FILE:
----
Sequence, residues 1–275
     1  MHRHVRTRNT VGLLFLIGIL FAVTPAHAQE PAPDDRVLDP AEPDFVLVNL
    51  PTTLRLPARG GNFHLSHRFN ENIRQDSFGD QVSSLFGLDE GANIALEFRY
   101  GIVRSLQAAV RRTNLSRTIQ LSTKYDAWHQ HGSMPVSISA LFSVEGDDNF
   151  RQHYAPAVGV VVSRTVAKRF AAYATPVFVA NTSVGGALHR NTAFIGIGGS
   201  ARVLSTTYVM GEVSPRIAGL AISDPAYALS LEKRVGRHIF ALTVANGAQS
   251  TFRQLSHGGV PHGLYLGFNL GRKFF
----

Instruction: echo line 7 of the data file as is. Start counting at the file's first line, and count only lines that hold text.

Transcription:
   251  TFRQLSHGGV PHGLYLGFNL GRKFF